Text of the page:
Amazingly, Moas claims 100% of his investments are in digital currencies, with the majority in bitcoin and Ethereum, according to CNBC.

Moas call comes on the heels of Goldman Sachs’ chief technician Sheba Jafari increased her forecast for Bitcoin to over $4800…

Now that the market is getting closer to reaching this level, it’s going to be important to take note of any/all signs of trend exhaustion.


There is of note a 2.618 extension which runs as far as $4,827.



Once a full 5-wave sequence is in place, the market should in theory enter a corrective phase.


This can last at least one third of the time it took to complete the preceding advance and retrace at least 38.2% of the entire move. From current levels, that would measure out to ~2,221.

Finally, we note Moas’ conclusion that, if anything, his estimates are conservative.

Any way that I look at these numbers, my forecasts are looking conservative. It looks to me as though we are at the same point in the adoption curve as we were in 1995 when we went from one million internet users to ten million. The following year the Netscape browser came online and we went from 10 million users to hundreds of millions of users overnight.


I expect that within a couple of years we will have between 50 and 100 million cryptocurrency users — up from approximately ~10 million today. We only have 0.15% market penetration right now — if that goes to 2% or 3% we will get to the $50,000 price target that I set at the beginning of July.”

Moas maintains his view that the digital currency could reach $50,000 by 2027.

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Car ramming east of Paris kills girl, terrorism ruled out

Agence France Presse
Tue, 2017-08-15 08:21

PARIS: A car smashed into a pizza restaurant east of Paris late Monday, killing a girl, but investigators said the young driver had tried to commit suicide and the incident was not terror-related.
The episode came just five days after a terror-linked car attack on soldiers, the latest assault in France since early 2015.
Investigators have “ruled out the terrorist hypothesis” behind the latest incident, which took place in the town of Sept-Sorts, 55 kilometers (34 miles) east of Paris, a source close to the inquiry said.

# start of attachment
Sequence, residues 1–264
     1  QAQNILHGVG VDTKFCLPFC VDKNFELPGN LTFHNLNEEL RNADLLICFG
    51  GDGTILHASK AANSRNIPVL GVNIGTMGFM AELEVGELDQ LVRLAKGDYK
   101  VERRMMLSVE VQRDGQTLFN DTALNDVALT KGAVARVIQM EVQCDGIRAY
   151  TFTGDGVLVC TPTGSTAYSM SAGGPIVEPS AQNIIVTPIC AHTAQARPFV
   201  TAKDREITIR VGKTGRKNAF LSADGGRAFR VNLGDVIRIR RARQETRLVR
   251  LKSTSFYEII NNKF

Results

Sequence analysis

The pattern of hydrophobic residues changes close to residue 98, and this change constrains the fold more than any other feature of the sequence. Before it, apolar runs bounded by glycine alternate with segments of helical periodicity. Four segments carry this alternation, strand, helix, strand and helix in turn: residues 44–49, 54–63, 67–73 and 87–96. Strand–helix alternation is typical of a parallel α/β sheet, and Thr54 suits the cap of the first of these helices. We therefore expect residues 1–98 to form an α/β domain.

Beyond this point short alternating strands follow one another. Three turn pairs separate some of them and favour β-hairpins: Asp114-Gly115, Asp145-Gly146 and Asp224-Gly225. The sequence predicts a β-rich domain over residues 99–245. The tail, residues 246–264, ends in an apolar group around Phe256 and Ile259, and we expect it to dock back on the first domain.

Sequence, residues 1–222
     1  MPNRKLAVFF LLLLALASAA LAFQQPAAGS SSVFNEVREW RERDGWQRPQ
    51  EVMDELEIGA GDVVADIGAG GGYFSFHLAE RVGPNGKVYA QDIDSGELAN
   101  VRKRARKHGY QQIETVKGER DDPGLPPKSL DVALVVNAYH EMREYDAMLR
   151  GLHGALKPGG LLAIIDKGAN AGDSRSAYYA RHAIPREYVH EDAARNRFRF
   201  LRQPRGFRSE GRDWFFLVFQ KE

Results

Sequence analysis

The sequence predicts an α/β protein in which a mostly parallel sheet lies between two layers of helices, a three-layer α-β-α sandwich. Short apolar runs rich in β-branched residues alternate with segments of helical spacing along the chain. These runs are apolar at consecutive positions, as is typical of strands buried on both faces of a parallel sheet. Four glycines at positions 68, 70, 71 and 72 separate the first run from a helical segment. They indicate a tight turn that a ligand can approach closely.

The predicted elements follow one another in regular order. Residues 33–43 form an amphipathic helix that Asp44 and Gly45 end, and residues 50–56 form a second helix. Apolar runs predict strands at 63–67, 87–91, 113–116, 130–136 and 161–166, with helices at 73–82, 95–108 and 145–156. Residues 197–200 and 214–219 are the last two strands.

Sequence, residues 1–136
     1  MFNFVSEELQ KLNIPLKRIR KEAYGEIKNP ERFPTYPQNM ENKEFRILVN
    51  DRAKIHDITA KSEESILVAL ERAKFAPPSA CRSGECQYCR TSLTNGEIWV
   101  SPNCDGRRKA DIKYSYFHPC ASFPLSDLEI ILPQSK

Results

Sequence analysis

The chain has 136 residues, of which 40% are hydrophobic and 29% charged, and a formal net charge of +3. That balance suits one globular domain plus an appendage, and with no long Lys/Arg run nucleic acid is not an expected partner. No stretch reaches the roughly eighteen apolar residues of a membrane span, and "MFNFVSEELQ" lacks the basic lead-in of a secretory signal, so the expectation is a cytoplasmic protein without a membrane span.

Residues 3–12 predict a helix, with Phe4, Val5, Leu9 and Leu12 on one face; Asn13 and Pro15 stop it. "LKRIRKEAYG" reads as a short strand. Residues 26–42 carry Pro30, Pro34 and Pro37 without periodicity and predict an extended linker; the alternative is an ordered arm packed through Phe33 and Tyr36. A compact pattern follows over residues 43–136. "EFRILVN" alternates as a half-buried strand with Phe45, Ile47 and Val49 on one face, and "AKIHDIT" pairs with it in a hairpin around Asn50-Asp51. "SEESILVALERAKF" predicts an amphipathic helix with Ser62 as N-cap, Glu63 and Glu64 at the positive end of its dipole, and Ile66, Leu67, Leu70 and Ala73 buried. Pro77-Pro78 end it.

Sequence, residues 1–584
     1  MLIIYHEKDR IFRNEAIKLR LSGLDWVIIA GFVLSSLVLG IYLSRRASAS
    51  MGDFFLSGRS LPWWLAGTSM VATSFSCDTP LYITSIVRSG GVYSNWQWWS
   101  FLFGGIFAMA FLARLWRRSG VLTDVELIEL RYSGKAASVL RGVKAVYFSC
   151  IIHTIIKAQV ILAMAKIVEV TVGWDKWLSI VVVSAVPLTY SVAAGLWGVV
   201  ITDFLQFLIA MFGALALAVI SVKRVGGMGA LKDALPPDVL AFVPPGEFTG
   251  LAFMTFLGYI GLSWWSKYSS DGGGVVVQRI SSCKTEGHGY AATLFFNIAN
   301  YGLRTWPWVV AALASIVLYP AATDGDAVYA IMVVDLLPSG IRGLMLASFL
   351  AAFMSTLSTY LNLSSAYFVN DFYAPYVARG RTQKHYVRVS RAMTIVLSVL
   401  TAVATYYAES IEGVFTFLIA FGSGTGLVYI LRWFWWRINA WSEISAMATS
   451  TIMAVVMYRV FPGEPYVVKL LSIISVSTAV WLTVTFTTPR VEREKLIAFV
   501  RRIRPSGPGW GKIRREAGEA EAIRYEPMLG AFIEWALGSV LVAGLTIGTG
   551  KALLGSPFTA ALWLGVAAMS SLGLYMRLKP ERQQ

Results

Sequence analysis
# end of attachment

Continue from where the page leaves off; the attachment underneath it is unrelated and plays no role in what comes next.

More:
The man, who was arrested, said “he had tried to kill himself yesterday (Sunday) without success and decided to try again this way,” the source said.
The public prosecutor’s office in the town of Meaux also ruled out terrorism.
“There is no doubt he did this voluntarily,” said deputy prosecutor Eric de Valroger, adding it was “highly likely” the driver was under the influence.
In Paris, interior ministry spokesman Pierre-Henry Brandet said the fatality was a girl aged 13, and not aged eight as initially reported.
Four people were seriously hurt, after a preliminary figure had been given of six.
The driver, born in 1985, “is not known to the intelligence services and has no criminal record,” Brandet said.
One of the four injured was the girl’s younger brother, police said.
French President Emmanuel Macron sent his condolences, tweeting with the hashtag #SeptSorts that his thoughts were with the victims and their loved ones.
France is on edge after suffering a series terror-related attacks, including the use of cars as weapons.
On August 9, six soldiers were injured after they were hit by a rented BMW in the western Paris suburb of Levallois-Perret. The suspect, a 36-year-old Algerian man, was later shot and wounded after a dramatic motorway chase.
A BMW was also involved in Monday’s incident.
The death toll from jihadist attacks in France has exceeded 230 since January 2015.
The country has been under a state of emergency since the Daesh group attacked in Paris in November 2015, leaving 130 people dead.

Main category: 
Man in custody after Paris attack on soldiers
Anti-terror investigators probe Paris attack as minister condemns ‘cowardly act’
Car rams into soldiers outside Paris, six injured

India at 70: Generational dialogue key to healing wounds of partition, says author

Sanjay Kumar
Tue, 2017-08-15 03:00

NEW DELHI: India’s partition in 1947 came so suddenly that many had to take whatever they could lay their hands on within a few minutes.
The objects they chose to carry with them across the border into unknown territory remain an integral part of their past and their memories of their birthplaces.